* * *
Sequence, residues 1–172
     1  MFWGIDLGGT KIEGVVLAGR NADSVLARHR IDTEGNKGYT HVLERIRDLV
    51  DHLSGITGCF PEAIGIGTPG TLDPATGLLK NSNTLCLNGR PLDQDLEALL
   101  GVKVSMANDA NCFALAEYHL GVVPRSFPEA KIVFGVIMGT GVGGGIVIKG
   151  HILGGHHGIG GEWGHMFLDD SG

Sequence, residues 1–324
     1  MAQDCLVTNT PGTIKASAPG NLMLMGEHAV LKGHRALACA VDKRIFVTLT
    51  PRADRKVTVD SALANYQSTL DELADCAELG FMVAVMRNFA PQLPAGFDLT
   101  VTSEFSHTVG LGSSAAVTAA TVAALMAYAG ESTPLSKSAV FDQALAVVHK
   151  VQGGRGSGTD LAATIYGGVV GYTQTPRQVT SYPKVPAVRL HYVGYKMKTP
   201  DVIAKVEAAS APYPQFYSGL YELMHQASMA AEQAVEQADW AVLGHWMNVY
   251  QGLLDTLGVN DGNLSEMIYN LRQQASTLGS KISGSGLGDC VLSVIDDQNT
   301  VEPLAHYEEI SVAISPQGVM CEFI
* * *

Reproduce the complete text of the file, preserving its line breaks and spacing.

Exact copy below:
Sequence, residues 1–172
     1  MFWGIDLGGT KIEGVVLAGR NADSVLARHR IDTEGNKGYT HVLERIRDLV
    51  DHLSGITGCF PEAIGIGTPG TLDPATGLLK NSNTLCLNGR PLDQDLEALL
   101  GVKVSMANDA NCFALAEYHL GVVPRSFPEA KIVFGVIMGT GVGGGIVIKG
   151  HILGGHHGIG GEWGHMFLDD SG

Sequence, residues 1–324
     1  MAQDCLVTNT PGTIKASAPG NLMLMGEHAV LKGHRALACA VDKRIFVTLT
    51  PRADRKVTVD SALANYQSTL DELADCAELG FMVAVMRNFA PQLPAGFDLT
   101  VTSEFSHTVG LGSSAAVTAA TVAALMAYAG ESTPLSKSAV FDQALAVVHK
   151  VQGGRGSGTD LAATIYGGVV GYTQTPRQVT SYPKVPAVRL HYVGYKMKTP
   201  DVIAKVEAAS APYPQFYSGL YELMHQASMA AEQAVEQADW AVLGHWMNVY
   251  QGLLDTLGVN DGNLSEMIYN LRQQASTLGS KISGSGLGDC VLSVIDDQNT
   301  VEPLAHYEEI SVAISPQGVM CEFI